OPINION9 December 2016

Should market researchers aspire to be more like marketing and advertising?

Leisure & Arts Media Opinion UK

It’s time for market researchers to work harder at promoting the value of the work that they do argues Research Now's Chris Dubreuil.

With the explosion of data within many organisations, our industry associations have talked even more than usual about the need to demonstrate the importance of data in strategic decision making.

It’s time for our industry to prove its worth. Often, marketing and advertising are used as examples of industries that are perceived as ‘sexy’ by businesses and the public alike. But it always felt to me that the aspiration to be like those more ‘creative’ industries smacked a bit of ‘the grass is always greener’ syndrome.

Earlier this year, we carried out a study to better understand the perceptions of marketing in British and US business. We asked 650 non-marketing employees of companies with marketing teams and 50 or more full time employees what they thought the main roles and responsibilities of the marketing team were, and what their value within the organisation was.

We found that generally the value of the marketing team was well established. Eighty-four percent of those surveyed said the marketing team was essential to the business, although sales ( 94%), customer service ( 92%), and manufacturing and operations ( 85%) were all deemed more vital.

The most interesting data emerged when participants were asked about the roles of the marketing team. The perception of marketing is rooted in what is tangible, in particular in creative output such as advertising, PR and brand management. Fifty-four percent regard advertising and promotions as the top marketing activity, followed by 47% for brand management and development, 34% for organising events, and 39% brochure production. Fifty-six percent of participants said that web management and SEO have increased in importance within the marketing team in the past couple of years.  

On the whole this is fine. After all, these are some of the key activities of the marketing. (Though I might question the quantity of brochures the study indicates are being produced by marketing teams – it is the 21st century after all). The common thread with these activities is they are very public. The product is often the face of the organisation.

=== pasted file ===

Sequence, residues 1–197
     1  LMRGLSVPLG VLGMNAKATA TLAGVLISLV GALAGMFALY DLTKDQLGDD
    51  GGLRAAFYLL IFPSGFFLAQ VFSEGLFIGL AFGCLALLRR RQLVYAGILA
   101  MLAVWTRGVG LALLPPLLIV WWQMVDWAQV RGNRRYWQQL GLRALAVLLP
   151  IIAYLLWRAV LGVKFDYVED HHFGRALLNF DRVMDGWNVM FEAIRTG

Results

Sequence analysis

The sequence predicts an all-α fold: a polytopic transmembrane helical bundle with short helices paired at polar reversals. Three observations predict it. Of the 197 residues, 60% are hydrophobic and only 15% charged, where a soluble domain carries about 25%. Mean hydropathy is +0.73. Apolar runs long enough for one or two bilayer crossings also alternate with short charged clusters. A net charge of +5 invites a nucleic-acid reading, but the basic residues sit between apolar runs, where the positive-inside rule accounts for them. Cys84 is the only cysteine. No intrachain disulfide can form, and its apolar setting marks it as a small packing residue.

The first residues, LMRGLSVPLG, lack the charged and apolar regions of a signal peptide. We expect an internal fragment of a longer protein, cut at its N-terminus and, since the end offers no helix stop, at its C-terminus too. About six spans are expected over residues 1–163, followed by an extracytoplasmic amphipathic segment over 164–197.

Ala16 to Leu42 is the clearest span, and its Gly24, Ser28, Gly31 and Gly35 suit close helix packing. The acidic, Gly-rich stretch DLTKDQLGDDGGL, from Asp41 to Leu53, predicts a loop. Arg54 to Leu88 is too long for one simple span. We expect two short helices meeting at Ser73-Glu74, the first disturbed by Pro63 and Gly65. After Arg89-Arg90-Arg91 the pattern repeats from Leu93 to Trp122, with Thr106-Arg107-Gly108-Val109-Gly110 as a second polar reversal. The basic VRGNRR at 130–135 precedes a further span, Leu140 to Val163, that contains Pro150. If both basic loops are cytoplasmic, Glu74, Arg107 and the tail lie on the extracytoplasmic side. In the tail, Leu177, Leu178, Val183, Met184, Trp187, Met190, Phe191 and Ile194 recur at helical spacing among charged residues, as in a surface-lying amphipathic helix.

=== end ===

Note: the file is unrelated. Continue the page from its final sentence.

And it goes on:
But when it comes to the more strategic elements of marketing, the awareness just isn’t there. Only 15% saw customer data analysis as a function of marketing and only 10% said the same for competitor analysis.  Participants also didn’t associate marketing with having any strategic input. Only 11% saw the team as driving business strategy and 16% saw collaborating with other departments as one of its top functions.

While market research is just one component of marketing, I think no one would disagree if I said that researchers are seen in a similar bracket to general marketers. Market research can often be misunderstood. Take The Apprentice television show where market research is often an afterthought and used to validate existing ideas/proposals rather than to drive new ideas/proposals.

Like marketers, we researchers need to market ourselves better and prove that market research provides iterative insight. We need to show that we’re ahead of the game. New technologies are driving this, but the people have to as well.

As an avid fan of Formula 1, I liken the research industry to people working in the factories, trying to create marginal gains in engine performance to make their race team number one. While it tends to be against the inherent nature of the average researcher to shout about themselves, we need to tell those in business that we provide strategic elements rather than simply post-rationalising decisions.

With our dynamic and fast-paced market, failing to acknowledge what is really significant for the customers is a recipe for catastrophe.

How are we to do that? I don’t have a comprehensive answer, but I suspect it lies with the researchers and the associations to push the value of market research to business and perhaps the wider public in general. The research industry has to help guide strategic business decisions by going beyond serendipity, through using insights gained from research in a predictive fashion.

We do research in order to answer the ‘how’s’ and the ‘why’s’ of our clients, but how are we to be taken into account for predicting the ‘what now’s'? What is your best idea?

Chris Dubreuil is managing director, Northern Europe, sales at Research Now

1 Comment

3 years ago

Aaah, the irony. Using research to establish that research is undervalued.

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